Sen. Chuck Grassley, who describes himself as an “equal opportunity investigator,” has taken offense at the suggestion he’s playing politics with an investigation of a botched gun-running operation conducted by the Bureau of Alcohol, Tobacco, Firearms and Explosives.
“Accusing me of being political? Obviously I can resent that,” the Iowa Republican said in a conference call with reporters.
Grassley was questioned about his post on the social network Twitter early June 27 in which he said:
“I resent recent charges that investigation of Fast/Furious is political motivated I have been leading this for 18 months Why now the charge”
The issue could come to a head today if the Republican-led House votes to hold Attorney General Eric Holder in contempt of Congress for failing to turn over the information Grassley and others are seeking as they investigate an AFT gun tracing operation dubbed “Fast and Furious.” President Obama has invoked executive privilege to block the release of those documents.
The vote is “purely political theater,” according to 1st District Rep. Bruce Braley, a Waterloo Democrat.
“I’ll vote against is the same way I did in committee,” Braley said Wednesday.
The matter should be handled by a federal court in an “orderly process that respects existing court orders protecting against the release of classified and sealed documents,” Braley said.
“He can get this into the courts very fast by voting for contempt,” said Grassley, a member of the Senate Judiciary Committee. If Congress holds Holder in contempt, Grassley said the issue would go to a grand jury and, eventually, to the court.
Grassley has been conducting an investigation into the connection between a failed “gun walking” operation the ATF was running to track illegal weapons and the murder of a Border Patrol agent who was shot with a gun sold by the ATF.
Grassley told reporters the allegations that he’s politicizing the issue to Democrats and “MSNBC-type people.”
The allegations are an attempt to divert attention from the Border Patrol Agent Brian Terry’s murder and “to distract from the constitutional requirements of Congress to do oversight because somehow I think it’s going to hurt them politically.”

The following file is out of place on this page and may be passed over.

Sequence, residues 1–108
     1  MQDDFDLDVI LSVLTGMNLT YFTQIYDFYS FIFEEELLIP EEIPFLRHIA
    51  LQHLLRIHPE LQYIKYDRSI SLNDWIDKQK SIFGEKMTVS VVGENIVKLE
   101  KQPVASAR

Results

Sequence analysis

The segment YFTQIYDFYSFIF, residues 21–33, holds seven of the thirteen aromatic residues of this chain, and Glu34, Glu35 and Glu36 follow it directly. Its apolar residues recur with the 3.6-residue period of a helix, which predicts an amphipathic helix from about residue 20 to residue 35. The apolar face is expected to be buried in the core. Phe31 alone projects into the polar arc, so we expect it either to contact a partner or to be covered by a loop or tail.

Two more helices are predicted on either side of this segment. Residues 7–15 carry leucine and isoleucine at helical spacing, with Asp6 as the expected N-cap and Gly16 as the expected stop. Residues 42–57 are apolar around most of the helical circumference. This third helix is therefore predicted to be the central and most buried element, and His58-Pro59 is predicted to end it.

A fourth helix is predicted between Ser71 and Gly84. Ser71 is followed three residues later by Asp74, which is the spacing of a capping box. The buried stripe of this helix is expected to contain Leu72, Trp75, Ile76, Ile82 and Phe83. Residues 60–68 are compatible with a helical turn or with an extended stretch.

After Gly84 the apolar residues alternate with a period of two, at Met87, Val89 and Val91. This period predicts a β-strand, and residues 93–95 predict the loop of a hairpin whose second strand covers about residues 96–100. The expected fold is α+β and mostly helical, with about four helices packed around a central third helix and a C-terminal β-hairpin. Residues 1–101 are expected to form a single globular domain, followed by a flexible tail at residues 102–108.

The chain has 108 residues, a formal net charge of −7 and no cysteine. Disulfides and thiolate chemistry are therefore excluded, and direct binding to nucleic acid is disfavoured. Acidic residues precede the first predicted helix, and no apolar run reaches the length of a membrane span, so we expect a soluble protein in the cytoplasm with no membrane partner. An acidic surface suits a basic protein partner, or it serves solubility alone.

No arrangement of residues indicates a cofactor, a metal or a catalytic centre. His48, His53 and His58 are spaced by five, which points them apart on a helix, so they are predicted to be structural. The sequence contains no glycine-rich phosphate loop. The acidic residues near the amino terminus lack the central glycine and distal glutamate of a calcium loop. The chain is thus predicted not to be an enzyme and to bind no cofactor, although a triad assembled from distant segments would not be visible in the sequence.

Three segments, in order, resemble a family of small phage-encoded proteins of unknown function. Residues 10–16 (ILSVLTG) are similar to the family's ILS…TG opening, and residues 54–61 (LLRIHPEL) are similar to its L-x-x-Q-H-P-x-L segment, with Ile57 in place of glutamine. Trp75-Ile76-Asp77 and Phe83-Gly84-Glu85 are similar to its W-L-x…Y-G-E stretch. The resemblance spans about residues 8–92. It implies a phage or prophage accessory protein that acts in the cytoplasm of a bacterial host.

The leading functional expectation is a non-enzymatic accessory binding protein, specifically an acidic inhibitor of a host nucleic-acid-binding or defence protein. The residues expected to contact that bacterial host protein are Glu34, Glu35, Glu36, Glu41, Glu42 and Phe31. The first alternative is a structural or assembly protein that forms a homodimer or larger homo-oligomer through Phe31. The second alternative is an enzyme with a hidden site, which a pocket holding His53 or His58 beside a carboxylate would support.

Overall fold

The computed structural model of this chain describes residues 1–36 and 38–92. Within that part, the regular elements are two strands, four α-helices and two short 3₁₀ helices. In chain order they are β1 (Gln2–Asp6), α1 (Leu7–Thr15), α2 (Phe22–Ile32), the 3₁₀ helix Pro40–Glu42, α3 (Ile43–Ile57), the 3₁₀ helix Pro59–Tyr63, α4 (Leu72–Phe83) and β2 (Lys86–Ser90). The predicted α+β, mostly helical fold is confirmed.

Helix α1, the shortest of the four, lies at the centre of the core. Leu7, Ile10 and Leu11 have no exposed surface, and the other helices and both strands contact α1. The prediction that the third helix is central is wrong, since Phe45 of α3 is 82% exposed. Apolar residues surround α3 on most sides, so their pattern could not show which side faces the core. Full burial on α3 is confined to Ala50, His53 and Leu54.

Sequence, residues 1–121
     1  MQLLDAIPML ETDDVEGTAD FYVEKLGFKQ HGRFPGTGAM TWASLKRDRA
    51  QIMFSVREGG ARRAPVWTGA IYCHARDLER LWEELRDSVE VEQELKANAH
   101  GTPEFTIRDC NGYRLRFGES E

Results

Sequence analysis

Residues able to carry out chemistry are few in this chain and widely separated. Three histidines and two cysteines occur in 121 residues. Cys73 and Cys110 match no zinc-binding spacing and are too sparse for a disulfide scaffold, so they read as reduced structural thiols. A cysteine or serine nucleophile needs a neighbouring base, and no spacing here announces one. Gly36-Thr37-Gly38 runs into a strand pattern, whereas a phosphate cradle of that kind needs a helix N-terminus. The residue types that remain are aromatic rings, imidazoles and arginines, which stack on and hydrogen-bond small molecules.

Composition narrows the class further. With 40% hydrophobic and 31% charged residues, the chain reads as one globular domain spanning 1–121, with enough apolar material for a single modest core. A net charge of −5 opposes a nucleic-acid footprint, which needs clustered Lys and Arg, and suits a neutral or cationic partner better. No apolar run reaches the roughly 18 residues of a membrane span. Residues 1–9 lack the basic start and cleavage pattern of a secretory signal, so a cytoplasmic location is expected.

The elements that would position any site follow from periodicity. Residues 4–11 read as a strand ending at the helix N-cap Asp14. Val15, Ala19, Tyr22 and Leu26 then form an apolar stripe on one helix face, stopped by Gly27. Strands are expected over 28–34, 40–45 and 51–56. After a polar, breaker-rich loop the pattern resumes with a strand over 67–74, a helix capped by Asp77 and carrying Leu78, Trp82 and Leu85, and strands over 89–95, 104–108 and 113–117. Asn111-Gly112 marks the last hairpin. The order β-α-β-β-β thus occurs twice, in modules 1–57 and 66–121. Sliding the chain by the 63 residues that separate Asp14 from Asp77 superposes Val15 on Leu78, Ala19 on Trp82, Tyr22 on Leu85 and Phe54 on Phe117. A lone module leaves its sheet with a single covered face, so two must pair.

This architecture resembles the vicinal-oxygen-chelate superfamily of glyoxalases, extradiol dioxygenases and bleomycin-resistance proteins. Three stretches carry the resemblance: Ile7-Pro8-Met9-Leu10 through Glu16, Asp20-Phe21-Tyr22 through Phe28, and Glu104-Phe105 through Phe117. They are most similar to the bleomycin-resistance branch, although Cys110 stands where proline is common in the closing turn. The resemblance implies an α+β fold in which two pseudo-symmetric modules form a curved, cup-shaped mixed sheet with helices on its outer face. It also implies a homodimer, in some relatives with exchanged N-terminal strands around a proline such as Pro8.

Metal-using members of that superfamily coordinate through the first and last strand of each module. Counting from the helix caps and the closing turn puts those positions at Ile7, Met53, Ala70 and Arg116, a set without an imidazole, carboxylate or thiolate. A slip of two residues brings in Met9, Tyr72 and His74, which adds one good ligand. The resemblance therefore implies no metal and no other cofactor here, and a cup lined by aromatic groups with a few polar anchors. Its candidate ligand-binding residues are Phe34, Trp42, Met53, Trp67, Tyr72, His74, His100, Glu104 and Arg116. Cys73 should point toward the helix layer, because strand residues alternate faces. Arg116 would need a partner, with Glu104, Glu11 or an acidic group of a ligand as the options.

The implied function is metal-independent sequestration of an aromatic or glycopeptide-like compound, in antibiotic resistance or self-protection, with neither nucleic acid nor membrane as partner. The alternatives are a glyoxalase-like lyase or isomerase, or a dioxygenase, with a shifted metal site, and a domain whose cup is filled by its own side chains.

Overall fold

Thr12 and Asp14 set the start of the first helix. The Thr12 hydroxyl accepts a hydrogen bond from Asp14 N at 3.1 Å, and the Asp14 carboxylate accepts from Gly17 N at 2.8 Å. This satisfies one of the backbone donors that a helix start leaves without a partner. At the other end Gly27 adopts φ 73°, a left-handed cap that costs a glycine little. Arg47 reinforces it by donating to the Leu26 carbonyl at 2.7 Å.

Grassley went on to defend his non-partisan record of holding administrations accountable.
“If there’s anything I’ve got a reputation for it’s being an equal opportunity investigator,” Grassley said. “I take on Republicans as well as Democrats.”
He noted that the GOP has controlled the White House 20 years and Democrats 10 years while he’s been in the Senate, so he’s taken on more presidents from his own party than Democratic presidents.
In addition to accusations that he’s politicizing the investigation, Grassley said he’s has more resentment for the “political cover-up that comes from their stonewalling and saying this is a political witch hunt.”
Although Braley will oppose the contempt vote, he has “significant concerns about some ways that this has been handled by the White House.” As a member of the House Committee on Oversight and Government Reform, Braley has had the opportunity to review documents sealed by a federal judge.
“I’m all in favor of getting to bottom of how these problems developed and the tragic murder that happened with these guns,” Braley said. “That is what I’ve been pushing for — to get to the truth. It has to be done in an orderly process that respects existing court orders protecting against the release of classified and sealed documents.”